Italy in the 1970's 3

Italy in the 1970’s Part 3


On March 8, a meeting of the parties that made up the previous alliance – DC, PCI, PSI, PSDI, PRI but excluding the PLI – launched the programmatic agreement and the composition of the new government: it was again a Christian Democrat single-party still chaired by Andreotti for which this time all the parties of the new majority would have voted in favor. On the morning of March 16, a few hours before the vote to sanction the formation of the government, a RB commando kidnapped Moro in a Rome street, massacring the five men of his escort. The government gained the trust that same day in a moment of great drama, while the country remained annihilated and dismayed at the gravity of the incident.

According to, the government immediately decided not to negotiate for Moro’s release. A different choice would inevitably have led to the political recognition of the Red Brigades.

The painful adoption of this line was supported above all by the DC, the PCI and the PRI, convinced that the state had to give proof of great firmness. PSI secretary B. Craxi instead insisted on a unilateral initiative by the state aimed, through the release for humanitarian reasons of some terrorists, to induce the Red Brigades to free the president of DC. The fifty-five days of the kidnapping were marked by heated debates between supporters of ” firmness ” and supporters of the ” negotiation ”, by confused and inconclusive investigations, by appeals to terrorists to which was added in vain also that of Pope Paul VI.. In the meantime, the BRs filtered letters from Moro criticizing the DC and arguing in favor of the negotiation. The tension broke up dramatically on 9 May with the discovery of Moro’s body in a car parked provocatively in the center of Rome, a stone’s throw from the national secretariats of the DC and the PCI. The following day, the Minister of the Interior F. Cossiga resigned.

The killing of Moro represented a crucial point for left-wing terrorism in Italy: it showed its full force, but it also marked the beginning of its decline. If in the immediate future the number of terrorist actions remained high, then a distancing from the subversive area began on the part of those – and they were numerous – who had cultivated ambiguous solidarity in the name of confused revolutionary perspectives.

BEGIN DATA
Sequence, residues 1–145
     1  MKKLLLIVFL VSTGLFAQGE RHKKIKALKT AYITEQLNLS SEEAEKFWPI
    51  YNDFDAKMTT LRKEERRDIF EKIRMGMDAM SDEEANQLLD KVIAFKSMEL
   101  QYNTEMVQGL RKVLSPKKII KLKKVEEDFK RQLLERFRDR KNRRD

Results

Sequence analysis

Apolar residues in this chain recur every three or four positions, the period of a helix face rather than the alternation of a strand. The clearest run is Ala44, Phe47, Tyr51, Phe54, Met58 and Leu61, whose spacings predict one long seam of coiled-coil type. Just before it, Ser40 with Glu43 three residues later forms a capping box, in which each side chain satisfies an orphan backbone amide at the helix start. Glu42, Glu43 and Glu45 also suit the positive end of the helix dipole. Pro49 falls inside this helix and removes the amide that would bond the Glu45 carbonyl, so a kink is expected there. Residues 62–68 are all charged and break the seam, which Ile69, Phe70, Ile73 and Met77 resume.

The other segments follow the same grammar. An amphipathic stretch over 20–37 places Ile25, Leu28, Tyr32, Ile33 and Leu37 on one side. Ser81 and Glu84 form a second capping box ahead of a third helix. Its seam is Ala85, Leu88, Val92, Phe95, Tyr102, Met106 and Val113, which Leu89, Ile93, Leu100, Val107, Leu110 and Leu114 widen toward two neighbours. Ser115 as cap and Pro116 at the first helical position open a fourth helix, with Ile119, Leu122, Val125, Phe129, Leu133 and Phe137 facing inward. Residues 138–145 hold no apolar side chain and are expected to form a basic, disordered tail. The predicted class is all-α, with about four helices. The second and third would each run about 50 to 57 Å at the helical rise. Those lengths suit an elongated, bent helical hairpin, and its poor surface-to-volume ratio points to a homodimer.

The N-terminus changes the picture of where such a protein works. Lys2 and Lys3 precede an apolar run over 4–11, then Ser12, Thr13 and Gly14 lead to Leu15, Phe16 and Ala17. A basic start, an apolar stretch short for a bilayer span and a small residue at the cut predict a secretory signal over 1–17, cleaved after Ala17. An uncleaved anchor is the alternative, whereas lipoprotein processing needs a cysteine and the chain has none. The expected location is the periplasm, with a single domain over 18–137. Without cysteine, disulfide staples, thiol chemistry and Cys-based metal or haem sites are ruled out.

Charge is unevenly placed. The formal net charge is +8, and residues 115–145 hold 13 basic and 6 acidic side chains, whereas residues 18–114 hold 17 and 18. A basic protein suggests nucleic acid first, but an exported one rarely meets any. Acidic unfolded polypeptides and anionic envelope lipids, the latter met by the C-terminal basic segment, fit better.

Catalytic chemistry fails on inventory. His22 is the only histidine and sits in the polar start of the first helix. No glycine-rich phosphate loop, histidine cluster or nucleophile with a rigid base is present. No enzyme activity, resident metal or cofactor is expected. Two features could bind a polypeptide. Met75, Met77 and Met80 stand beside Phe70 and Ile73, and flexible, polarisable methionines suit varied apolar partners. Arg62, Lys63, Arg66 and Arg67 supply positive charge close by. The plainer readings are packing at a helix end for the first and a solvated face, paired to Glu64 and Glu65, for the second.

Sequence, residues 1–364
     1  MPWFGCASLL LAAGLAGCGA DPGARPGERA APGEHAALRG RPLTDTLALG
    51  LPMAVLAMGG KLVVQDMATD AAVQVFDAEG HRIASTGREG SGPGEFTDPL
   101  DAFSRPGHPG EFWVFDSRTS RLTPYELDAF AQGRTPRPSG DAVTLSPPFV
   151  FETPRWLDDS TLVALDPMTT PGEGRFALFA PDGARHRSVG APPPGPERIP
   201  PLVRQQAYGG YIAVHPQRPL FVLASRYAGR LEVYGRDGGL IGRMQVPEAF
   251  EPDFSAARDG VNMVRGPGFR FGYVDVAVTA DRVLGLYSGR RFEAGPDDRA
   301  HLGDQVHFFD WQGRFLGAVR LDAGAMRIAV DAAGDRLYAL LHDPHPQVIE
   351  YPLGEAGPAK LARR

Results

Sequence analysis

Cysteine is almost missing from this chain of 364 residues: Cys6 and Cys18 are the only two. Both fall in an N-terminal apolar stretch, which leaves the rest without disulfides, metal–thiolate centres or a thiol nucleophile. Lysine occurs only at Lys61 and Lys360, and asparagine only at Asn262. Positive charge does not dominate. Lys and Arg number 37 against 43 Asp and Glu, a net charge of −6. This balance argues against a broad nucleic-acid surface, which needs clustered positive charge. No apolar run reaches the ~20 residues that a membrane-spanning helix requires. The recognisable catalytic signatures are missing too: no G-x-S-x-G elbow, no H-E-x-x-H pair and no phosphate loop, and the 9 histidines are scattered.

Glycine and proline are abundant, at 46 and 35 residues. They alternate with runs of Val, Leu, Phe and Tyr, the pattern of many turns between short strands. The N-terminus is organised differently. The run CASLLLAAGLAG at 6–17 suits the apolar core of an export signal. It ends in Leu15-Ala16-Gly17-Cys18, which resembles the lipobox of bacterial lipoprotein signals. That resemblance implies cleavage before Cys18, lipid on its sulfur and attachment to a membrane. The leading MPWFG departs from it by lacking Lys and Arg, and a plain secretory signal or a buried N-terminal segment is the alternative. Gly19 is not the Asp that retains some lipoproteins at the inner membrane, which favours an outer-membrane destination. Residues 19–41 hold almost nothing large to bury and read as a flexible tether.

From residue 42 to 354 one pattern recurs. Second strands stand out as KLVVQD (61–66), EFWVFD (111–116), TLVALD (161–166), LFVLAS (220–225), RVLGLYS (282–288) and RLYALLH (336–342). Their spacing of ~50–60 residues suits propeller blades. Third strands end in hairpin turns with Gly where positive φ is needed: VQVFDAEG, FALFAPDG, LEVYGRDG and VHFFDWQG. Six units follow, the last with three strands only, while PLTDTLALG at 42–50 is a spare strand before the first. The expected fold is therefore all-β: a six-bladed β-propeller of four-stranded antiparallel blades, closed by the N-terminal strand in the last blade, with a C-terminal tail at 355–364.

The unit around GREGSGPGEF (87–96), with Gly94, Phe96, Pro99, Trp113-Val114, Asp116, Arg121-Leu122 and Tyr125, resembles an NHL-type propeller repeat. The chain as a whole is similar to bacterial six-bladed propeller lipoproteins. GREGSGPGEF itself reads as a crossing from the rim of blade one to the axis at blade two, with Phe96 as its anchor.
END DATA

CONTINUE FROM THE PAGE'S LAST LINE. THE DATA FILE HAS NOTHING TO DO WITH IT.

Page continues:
The Moro case had highlighted profound differences between the two leftist parties, PCI and PSI. In the summer of 1978 Craxi shifted the conflict to an ideological level by opening the debate on the presuppositions of socialism, contesting the theoretical roots of communism and claiming the primacy of socialist reformism. The reasons for this open competition, destined to last and to accentuate over the years, stemmed from the PSI’s fear of being marginalized by the DC-PCI bipolarity and the need to regain a large margin of maneuver especially towards the DC.

Despite the tensions between the coalition parties, the ” national solidarity ” government managed to achieve a series of results. The austerity policy promoted above all by the Communists and the moderation of union demands contributed to the reduction in the cost of labor and the inflation rate which in 1978 fell to 12.1%, the lowest in the 1973-84 period. The financial situation of the state benefited from a series of new indirect taxes and from the effects of the tax reform that came into force in 1974. Among the laws with a social content approved in 1978 we should mention those on the voluntary interruption of pregnancy, on the abolition of asylums, on the ” fair fee ”, on health care reform. The latter, which established the national health system, provided for free treatment for all and reorganized public medicine, entrusting its management to the Local Health Units (USL) dependent on the regions: in the following years its application, entrusted to a control system linked to parties, will give rise – in many parts to Italy – to phenomena of waste, inefficiency and even corruption. The other two laws related to public health aroused, for radically opposite reasons, various perplexities, despite being open and balanced measures in substance and the result of very long debates. The one on abortion was opposed by Catholic movements in defense of life and hindered, in its application, by the conscientious objection of many doctors: these oppositions resulted in the request for an abrogative referendum which, held in 1981 together with another promoted by the radicals to liberalize some provisions of the law, it will nevertheless confirm its validity. The provisions on asylums, while they healed antiquated and oppressive systems of therapy, appeared too permissive and to some extent utopian in that they tended to unload the difficult problem of the mentally ill on society and on families without realizing that set of curative aids that also the law foresaw. The entry into force of these “ social laws ” highlighted an insufficient administrative and financial support framework, the failure to complete parallel interventions and at the same time an excess of state-bureaucratic interventionism that partially distorted the objectives and nullified the results.

Italy in the 1970's 3